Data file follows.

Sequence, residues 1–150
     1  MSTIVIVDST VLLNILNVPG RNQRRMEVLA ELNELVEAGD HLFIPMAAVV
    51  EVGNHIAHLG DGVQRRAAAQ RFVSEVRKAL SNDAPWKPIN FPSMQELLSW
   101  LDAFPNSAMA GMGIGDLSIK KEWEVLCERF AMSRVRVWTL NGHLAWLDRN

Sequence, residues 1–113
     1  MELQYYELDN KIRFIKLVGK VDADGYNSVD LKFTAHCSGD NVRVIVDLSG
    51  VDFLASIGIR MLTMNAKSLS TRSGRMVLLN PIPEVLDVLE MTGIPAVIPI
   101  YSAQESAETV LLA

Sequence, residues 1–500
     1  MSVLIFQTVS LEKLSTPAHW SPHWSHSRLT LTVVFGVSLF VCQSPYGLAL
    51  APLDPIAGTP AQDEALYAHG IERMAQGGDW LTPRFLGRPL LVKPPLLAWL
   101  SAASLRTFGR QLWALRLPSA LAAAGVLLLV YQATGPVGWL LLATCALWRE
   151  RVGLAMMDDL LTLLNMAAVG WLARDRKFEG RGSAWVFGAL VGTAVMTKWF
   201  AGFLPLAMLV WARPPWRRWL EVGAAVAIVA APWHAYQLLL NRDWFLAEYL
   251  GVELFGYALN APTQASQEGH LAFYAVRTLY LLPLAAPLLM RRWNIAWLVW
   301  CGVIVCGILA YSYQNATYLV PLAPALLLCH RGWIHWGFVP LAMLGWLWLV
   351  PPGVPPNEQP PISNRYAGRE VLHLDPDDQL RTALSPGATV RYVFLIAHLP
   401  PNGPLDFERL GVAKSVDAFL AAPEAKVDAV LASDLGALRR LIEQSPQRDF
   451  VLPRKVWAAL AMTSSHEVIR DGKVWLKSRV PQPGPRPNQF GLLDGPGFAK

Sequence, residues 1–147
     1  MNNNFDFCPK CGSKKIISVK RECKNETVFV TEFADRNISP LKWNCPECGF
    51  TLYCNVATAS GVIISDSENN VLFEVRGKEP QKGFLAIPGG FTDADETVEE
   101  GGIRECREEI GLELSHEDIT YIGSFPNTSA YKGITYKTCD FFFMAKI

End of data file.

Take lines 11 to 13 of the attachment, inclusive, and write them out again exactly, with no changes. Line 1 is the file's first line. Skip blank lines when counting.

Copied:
    51  APLDPIAGTP AQDEALYAHG IERMAQGGDW LTPRFLGRPL LVKPPLLAWL
   101  SAASLRTFGR QLWALRLPSA LAAAGVLLLV YQATGPVGWL LLATCALWRE
   151  RVGLAMMDDL LTLLNMAAVG WLARDRKFEG RGSAWVFGAL VGTAVMTKWF